Spoiler alert: Do not read until you’ve watched the final episode of season four of “Better Call Saul,” titled “Winner.”
“It’s all good, man.”
With those four words, the transformation of Jimmy McGill (Bob Odenkirk) into Saul Goodman was finally complete. Jubilant over getting his law license back, Jimmy celebrated by asking the clerk for a name change form. His new law practice, it seems, is going to be under a new name — one we all know well.
“We’ve been waiting a while for that guy to show up,” says showrunner Peter Gould. “Every season it always feels like we’re taking a risk and walking the plank. But I was really happy with the way it came out.”
But caught up in his own triumph, Jimmy was oblivious to Kim’s (Rhea Seehorn) reaction — shock, dismay and perhaps even regret at her own role as his accomplice. The future of their relationship — already a bit fragile after their fierce argument in last week’s episode — seems even more fraught.
Meanwhile, Mike (Jonathan Banks) faced a crossroads of his own: Once he realized what Gus Fring intended for Werner, his engineer who went on the lam, Mike decided to take care of the problem himself. And he still has yet to come face-to-face with Lalo (Tony Dalton), whose relentless pursuit of him seems ominous indeed.
Odenkirk and Gould talked to Variety about the game-changing finale, what’s ahead for next season (don’t mess with Lalo!) — and yes, that unforgettable karaoke scene with Chuck (Michael McKean).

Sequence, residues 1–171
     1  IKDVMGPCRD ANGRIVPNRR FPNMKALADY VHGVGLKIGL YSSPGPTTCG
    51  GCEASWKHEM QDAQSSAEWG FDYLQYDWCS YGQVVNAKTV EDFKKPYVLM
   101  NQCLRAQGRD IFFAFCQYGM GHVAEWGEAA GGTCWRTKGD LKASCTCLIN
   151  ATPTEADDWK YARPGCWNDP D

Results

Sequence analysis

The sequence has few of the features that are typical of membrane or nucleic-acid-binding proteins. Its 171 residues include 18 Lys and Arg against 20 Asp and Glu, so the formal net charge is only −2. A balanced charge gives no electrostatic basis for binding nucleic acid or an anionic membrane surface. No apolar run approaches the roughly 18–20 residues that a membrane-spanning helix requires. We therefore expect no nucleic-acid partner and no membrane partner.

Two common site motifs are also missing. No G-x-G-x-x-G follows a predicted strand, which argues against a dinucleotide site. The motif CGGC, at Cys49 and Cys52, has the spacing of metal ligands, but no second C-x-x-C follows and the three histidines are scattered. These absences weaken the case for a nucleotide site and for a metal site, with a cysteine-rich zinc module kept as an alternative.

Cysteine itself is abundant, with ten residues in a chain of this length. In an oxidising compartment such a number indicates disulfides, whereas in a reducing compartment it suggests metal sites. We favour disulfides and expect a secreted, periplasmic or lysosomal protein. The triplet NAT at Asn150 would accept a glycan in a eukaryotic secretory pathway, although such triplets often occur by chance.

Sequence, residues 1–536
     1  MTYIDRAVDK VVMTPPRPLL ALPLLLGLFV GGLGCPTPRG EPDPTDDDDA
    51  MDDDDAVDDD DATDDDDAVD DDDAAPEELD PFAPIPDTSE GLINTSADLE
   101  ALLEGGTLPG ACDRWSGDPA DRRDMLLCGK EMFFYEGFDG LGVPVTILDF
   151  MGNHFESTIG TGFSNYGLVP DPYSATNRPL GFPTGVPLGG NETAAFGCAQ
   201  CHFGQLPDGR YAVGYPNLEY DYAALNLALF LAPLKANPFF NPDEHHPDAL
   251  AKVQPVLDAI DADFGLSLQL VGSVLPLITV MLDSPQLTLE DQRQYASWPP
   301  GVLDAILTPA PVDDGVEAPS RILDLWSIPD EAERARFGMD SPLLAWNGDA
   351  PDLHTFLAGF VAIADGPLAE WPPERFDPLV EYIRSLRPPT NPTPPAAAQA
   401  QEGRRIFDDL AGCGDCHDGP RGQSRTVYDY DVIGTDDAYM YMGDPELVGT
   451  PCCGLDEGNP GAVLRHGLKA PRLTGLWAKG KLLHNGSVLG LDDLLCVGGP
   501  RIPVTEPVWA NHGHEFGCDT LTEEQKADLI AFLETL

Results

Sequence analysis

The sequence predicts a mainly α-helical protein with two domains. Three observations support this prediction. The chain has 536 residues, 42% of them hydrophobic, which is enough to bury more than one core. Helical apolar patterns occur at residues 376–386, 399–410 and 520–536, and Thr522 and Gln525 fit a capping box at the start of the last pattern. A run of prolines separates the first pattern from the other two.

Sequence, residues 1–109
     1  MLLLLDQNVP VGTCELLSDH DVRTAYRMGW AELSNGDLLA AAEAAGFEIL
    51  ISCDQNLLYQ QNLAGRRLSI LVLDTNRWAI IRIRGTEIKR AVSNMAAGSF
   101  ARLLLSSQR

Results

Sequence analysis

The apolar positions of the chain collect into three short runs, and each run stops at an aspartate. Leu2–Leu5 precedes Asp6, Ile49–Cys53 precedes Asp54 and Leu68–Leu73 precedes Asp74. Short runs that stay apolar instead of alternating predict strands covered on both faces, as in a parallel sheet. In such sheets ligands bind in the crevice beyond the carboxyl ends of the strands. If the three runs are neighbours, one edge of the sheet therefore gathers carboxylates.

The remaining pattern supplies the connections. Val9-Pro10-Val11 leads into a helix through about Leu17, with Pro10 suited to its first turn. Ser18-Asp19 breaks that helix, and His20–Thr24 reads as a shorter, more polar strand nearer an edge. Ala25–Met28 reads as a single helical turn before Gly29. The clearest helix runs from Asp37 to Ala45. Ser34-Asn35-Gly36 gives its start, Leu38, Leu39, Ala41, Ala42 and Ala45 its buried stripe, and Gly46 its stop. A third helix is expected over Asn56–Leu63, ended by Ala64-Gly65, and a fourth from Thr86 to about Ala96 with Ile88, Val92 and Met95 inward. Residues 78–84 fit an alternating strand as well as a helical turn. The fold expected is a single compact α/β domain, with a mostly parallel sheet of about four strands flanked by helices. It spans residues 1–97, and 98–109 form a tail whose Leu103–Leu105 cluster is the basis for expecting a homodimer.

Was it always the plan that the season was going to end with the arrival of Saul Goodman?
Gould: Saying that there was any plan is kind of a stretch. We thought this moment would have come maybe 30 episodes earlier! The plan kind of shaped up as the season continued. It became very clear to us that when Jimmy got his law license back, he wasn’t going to go back to doing the things that he was doing before. He’s been on such an emotional whipsaw in those last few episodes. You can only bend so many times before something breaks. And so possibly at the end of the season it’s either a break or a breakthrough depending on how you look at it. He certainly feels good about where he is, let’s put it that way.
We certainly felt him cracking this episode, especially when he gave that speech to the scholarship student.
Gould: His speech to her is powerful, but it’s also terrible. We used to call it the devil’s home locker room speech. He’s so cheerful and upbeat while he’s telling her all these awful things and then he goes and has this breakdown in the Esteem in the parking lot at HHM. I think all those pieces are really important to keep in mind when you try to understand exactly where Jimmy is at the end of the episode.
Bob, what was your reaction when you saw that last line in the script?
Odenkirk: Really happy! My soul is set free. My dark marred soul is set free to rampage as Saul. I really feel like it’s what everyone’s been waiting for and talking about. And while there’s still a long way to go and the specifics of who he is and what his life is and what’s going on in his world because he becomes exactly who we saw him being in “Breaking Bad,” he’s there as far as his internal compass. It’s definitely locked in and it’s a great thing to say it and know it and feel it.
What does this mean for Jimmy’s relationship with Kim? She’s horrified and he has no sense of how horrified she is.
Odenkirk: I guess it’s doomed. I think he’ll still try to save it, but in my mind it’s doomed. Obviously Jimmy is delighted by his new clientele, the customers he sold those cell phones to. He’s thinking about serving them and once you get to interacting with some of these guys, I wonder if Kim is in trouble in some ways.